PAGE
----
Childhood
Game
Gestures
Musical

Mailman Mailman

The following was an interview of a Participant/interviewee about a folk game that is passed around mainly in elementary. She is marked as CT. I am marked as DM.

CT: Mailman, Mailman here comes the lady with African booty. She could do the pom pom (arms parallel to the chest and moves them back and forth). She could do the twist twist (moves hips in a circle). Most of all she could kiss kiss kiss (two fingers on lips for every kiss said) with the red hot lips. K-I-S-S-I-N-G (open legs a little for every letter).

Background/Context:

The participant is ten years old in the fifth grade. She grew up in Los Angeles, California, but she has Mexican parents and family. Christine, who is marked as CT, is my sister. I was at home for my mother’s birthday party on Friday, April 13, 2018, when I overheard my sister playing a hand game with my cousin. I noticed it was the same games I played in elementary, but the lyrics of the game were slightly different. I began to ask her questions about the game. In this particular game, the objective was to see who could spread their legs further apart without falling down.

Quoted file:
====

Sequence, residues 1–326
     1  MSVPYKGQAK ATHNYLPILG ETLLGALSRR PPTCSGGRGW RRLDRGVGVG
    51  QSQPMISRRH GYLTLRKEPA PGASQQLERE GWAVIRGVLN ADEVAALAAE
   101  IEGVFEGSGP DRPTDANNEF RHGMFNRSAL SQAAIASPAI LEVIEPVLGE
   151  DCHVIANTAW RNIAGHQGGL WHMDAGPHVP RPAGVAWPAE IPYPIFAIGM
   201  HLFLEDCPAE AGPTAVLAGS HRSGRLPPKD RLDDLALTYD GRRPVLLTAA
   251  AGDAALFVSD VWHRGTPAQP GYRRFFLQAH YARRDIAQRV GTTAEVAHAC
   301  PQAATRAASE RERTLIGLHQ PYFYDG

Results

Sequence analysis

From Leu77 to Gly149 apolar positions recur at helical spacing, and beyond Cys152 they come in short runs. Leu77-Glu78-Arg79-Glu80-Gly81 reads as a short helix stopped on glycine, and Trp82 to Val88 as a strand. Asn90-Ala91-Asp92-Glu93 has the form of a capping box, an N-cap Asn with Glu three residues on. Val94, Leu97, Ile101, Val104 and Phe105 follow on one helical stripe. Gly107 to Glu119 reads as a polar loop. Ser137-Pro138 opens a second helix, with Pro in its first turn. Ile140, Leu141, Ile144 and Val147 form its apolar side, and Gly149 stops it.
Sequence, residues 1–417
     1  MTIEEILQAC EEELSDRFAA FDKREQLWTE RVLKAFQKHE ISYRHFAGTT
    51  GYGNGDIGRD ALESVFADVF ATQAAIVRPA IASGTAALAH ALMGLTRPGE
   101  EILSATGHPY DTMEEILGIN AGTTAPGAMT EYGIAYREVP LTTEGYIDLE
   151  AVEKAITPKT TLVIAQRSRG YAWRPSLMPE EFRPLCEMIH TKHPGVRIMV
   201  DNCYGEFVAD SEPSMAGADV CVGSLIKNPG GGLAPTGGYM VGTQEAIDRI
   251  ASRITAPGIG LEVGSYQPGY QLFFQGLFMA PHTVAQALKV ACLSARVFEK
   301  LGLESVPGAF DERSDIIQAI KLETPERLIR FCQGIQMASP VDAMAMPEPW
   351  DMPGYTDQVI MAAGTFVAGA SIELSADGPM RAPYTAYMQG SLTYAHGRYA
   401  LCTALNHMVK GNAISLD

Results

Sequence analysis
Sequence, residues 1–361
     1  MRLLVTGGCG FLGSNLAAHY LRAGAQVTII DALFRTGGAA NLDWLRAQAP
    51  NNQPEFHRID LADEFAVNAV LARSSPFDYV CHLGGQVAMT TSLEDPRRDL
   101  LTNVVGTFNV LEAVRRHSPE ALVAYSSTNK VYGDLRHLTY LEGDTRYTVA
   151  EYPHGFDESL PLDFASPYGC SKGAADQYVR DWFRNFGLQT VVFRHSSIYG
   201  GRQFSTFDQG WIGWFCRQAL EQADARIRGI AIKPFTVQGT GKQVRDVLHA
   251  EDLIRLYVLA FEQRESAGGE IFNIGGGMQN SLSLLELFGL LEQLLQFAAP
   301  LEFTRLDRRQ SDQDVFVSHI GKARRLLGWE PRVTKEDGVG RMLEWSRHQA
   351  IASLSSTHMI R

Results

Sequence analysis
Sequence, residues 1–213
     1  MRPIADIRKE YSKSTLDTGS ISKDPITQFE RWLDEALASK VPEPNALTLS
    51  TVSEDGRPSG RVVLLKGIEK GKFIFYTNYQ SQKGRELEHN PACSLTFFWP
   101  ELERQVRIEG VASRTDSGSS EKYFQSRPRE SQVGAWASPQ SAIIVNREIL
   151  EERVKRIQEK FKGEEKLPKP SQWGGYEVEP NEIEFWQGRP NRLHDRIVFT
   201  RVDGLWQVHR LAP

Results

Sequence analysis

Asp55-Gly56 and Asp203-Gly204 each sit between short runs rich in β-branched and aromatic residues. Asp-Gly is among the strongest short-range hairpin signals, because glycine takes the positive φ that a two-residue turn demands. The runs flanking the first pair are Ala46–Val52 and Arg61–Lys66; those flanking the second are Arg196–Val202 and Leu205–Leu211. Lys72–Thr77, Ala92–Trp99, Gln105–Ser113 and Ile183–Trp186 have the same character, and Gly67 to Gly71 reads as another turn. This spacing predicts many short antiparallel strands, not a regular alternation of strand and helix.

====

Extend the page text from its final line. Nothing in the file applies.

DM: Where did you learn this game?

CT: I learn this from one Roslyn (her friend).

DM: Where did you learn this?

CT: At school.

DM: Do you know where she learned it?

CT: She learned it from Cara.

DM: Why do you like this game?

CT: I like this game because it’s funny and that he is attracted to someone.

DM: What is the meaning of this game to you?

CT: It means to me like, like, like when, like when you wanna make someone laugh you could make them laugh by this game.

Analysis/ My Thoughts:

While I was in elementary, this “Mailman” game was very popular during recess when we had enough time to rest but not to play full games like kickball or handball. My sister told me this game was also very popular in her recess. Although they were both similar, the lyrics are different. Today’s version is shown above while the one I did in elementary nine years ago goes as stated: Mailman, Mailman do your duty. Here comes the lady with the African booty. She can do the pom pom (arms parallel to the chest and moves them back and forth). She can the twist (moves hips in a circle). Most of all she can kiss kiss kiss (two fingers on lips for every kiss said). K-I-S-S (open legs a little for every letter).

Childhood
Game